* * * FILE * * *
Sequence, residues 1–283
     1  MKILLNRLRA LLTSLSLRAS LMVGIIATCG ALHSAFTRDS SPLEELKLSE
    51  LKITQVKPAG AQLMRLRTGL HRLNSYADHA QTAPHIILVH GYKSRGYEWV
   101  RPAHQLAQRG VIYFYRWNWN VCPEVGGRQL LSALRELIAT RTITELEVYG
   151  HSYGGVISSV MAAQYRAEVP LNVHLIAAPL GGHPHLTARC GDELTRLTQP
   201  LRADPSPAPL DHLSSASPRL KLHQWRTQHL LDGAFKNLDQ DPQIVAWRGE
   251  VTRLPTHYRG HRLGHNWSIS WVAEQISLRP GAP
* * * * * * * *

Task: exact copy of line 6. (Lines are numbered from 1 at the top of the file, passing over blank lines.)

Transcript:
   201  LRADPSPAPL DHLSSASPRL KLHQWRTQHL LDGAFKNLDQ DPQIVAWRGE